Give a Little

How to help dogs without owning them.

“Giving does not and should not always have to mean getting something back in return.”

I mentioned in my post about the Secret Lives of Streeties how humans often think we are the only ones who can provide dogs with happy, fulfilled, lives. In some cases that is true; many dogs will live much more comfortable lives in the comfort of our homes, our sofas, and our beds, but then there are some dogs who are quite content with their lives on the street – they have independence, they have the comfort and security of their social groups (comprised of other street dogs), and given the choice many of them might actually rather stay on the street than enter our homes.

In order to help dogs, we do not always need to bring them into our homes. We do not have to own and control the living beings whose welfare we care and provide for. Also, let’s be realistic here, with approximately 200 million street dogs in the world, which constitutes the vast majority (approx. 80%) of the global dog population, it’s also highly unlikely that we’d ever be able give all the dogs of the world a home. But that doesn’t mean that we shouldn’t or can’t still care and provide for their wellbeing. Giving does not and should not always have to mean getting something back in return.

“When you find something that tugs at your heartstrings, find a way to help and contribute.”

There are so many ways to help and show love and affection to animals, and the best way is always the way which suits you and your lifestyle the best. For example, bringing a dog into your life and home will not do much good if you are rarely home and unable to spend time with the dog. If you want to help animals, the needs of the animals should always come first. Here are some options:


Donating is perhaps one of the easiest ways to help any cause. You choose an amount and frequency to donate that suits your situation and that’s it, you need not do any more than that. Donating is also good because you can donate far and wide. Thanks to the wonders of the internet you can research different shelters, charities, and causes from around the world from the comfort of your own home and choose the one closest to your heart and set up a payment plan for donations. I personally started donating when I discovered Takis Shelter in Crete – I came across the story of the shelter online, and it stole my heart in an instant and I felt compelled to help as soon as a I could, and the quickest way I could do that was to set up a small monthly donation. When you find something that tugs at your heartstrings, find a way to help and contribute.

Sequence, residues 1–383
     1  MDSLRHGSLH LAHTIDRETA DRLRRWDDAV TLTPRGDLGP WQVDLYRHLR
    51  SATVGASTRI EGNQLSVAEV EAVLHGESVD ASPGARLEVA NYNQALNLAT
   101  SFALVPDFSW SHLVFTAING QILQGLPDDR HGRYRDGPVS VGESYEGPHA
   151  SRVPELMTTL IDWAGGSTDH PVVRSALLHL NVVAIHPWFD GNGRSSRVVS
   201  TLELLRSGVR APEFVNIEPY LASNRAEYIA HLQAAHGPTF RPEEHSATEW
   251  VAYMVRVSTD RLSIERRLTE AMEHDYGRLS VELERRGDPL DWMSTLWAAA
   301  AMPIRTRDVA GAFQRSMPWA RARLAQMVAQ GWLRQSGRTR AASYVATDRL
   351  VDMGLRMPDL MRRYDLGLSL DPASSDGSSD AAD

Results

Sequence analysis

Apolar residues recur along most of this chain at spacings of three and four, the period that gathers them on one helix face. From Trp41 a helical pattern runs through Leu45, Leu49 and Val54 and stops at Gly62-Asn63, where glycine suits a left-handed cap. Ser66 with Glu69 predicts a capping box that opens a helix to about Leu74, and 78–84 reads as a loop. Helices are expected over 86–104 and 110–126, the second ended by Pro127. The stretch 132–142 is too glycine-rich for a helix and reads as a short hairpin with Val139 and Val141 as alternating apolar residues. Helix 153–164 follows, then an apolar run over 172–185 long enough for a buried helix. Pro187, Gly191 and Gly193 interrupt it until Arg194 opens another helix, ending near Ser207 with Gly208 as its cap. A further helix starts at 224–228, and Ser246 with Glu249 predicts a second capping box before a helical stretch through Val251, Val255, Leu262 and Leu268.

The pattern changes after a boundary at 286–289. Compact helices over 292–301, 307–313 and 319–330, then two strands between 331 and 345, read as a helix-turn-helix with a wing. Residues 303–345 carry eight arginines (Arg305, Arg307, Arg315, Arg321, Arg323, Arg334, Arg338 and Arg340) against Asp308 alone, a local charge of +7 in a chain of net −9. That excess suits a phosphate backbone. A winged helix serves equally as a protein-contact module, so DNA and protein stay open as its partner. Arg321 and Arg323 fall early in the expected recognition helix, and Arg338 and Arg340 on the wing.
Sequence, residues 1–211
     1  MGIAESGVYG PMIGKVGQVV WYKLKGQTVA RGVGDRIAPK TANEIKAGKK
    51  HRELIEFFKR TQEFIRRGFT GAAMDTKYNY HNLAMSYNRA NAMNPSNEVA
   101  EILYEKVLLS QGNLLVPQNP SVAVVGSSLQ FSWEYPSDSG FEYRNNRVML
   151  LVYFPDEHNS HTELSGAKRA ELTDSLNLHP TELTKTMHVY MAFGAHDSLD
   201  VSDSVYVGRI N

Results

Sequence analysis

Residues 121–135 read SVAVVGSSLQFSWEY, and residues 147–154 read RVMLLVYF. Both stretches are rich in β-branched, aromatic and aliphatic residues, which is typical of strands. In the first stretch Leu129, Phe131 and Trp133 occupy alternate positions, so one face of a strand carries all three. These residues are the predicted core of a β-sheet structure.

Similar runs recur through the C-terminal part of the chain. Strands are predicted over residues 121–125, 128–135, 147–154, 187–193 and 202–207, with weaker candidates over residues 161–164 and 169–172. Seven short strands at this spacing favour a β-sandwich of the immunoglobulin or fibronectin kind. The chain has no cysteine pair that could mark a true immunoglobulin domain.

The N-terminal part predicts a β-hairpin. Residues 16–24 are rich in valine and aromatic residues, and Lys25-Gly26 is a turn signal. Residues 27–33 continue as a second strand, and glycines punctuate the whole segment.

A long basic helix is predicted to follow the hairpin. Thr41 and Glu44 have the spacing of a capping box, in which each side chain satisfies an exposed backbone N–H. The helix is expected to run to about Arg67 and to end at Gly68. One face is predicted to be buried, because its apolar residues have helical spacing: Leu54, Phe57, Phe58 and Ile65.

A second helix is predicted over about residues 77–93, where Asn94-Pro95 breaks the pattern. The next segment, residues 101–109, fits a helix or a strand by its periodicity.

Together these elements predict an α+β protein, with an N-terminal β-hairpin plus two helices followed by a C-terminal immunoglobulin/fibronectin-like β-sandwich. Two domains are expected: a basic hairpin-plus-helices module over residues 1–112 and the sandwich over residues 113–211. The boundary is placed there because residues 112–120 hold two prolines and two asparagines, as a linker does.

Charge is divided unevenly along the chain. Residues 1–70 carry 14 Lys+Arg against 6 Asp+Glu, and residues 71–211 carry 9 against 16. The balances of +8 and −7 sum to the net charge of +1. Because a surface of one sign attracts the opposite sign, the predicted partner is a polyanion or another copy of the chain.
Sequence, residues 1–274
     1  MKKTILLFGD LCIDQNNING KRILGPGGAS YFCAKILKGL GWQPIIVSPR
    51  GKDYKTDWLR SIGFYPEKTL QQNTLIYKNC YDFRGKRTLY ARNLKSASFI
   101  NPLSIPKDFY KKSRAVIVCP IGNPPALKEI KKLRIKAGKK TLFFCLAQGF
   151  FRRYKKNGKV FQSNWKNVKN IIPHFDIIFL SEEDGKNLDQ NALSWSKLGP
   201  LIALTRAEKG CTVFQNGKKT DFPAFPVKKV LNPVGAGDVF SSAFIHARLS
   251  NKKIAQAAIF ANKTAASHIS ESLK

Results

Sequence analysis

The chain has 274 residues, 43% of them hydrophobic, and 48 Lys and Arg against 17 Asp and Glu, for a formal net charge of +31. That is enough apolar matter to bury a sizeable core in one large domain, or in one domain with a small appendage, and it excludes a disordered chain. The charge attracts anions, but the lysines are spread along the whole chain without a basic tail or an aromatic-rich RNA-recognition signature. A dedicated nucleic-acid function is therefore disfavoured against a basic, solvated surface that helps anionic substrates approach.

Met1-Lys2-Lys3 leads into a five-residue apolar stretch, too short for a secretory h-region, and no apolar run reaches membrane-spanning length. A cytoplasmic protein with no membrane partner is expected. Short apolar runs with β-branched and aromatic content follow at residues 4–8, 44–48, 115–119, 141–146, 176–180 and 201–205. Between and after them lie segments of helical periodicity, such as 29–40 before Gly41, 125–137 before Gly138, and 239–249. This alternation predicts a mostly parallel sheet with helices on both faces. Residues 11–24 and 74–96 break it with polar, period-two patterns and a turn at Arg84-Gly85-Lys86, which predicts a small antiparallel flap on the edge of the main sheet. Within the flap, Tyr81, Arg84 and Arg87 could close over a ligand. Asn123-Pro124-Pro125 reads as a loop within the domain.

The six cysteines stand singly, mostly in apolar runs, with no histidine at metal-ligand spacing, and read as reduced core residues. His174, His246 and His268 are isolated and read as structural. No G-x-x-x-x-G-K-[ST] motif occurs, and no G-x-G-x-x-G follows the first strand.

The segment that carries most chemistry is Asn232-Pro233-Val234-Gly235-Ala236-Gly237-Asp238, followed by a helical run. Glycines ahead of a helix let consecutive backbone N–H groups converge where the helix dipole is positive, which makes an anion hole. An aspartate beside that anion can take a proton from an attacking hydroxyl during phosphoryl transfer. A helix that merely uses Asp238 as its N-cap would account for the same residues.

Volunteering is such a lovely and rewarding way to contribute to any cause. It will require more effort from you than donating for example, but at the same time it will also give more back to you while you are giving back to others. Volunteering is great also because there are so many different ways to volunteer to suit your needs. It could be just walking the dogs at a nearby shelter on the weekends or feeding the strays in your city, or it could be a longer term commitment of living and working at an animal sanctuary somewhere near or far. There is something in human nature that will thrive and grow from experiences of truly selflessly helping others. Volunteering doesn’t sound glamorous, and most of the time it is also far from glamorous in practice, but it is what I would call “type 2 fun”. As described in this post, type 2 fun is “not life-threatening, but it certainly takes you out of your comfort zone. It builds character and the further in the past the memory becomes, the more fondly you’ll recount it”. Type 2 fun will have a lasting impact on you and may even change your priorities, principles, or outlook on life. We all need a little bit more type 2 fun in our lives, and what better way to get it than by helping others in the process!



Fostering has many benefits:

1. You take an animal away from the shelter environment, helping it to gain new skills, become better socialised, and hopefully to eventually become a better family pet for its future family.

2. You free up space in the shelter for other animals. Abandoned and mistreated animals are found and taken in on a daily basis, and there never seems to be enough space, so every little bit of space available for the next animals in need is always welcome.

3. You get to share your life with an animal without the long-term commitment. If your lifestyle does not suit committing to a pet for the forseeable future, perhaps short-term fosters would be your thing, and what’s more you’ll probably enjoy your foster animals company as much as he/she enjoys yours! And if you are looking for a pet for life, foster anyway; it is the best way to trial living with a pet and to find a pet that will really suit you and your lifestyle the best before you make the lifetime commitment. Fostering is a real win-win!

“There’s no time like the present to make a difference.”

There’s no time like the present to make a difference. Whatever your chosen method of making a difference is there will certainly be more than enough grateful recipients to choose from near or far from where you live. Let the animals (and humans) of this world know that you love and care for them by reaching out a helping hand.

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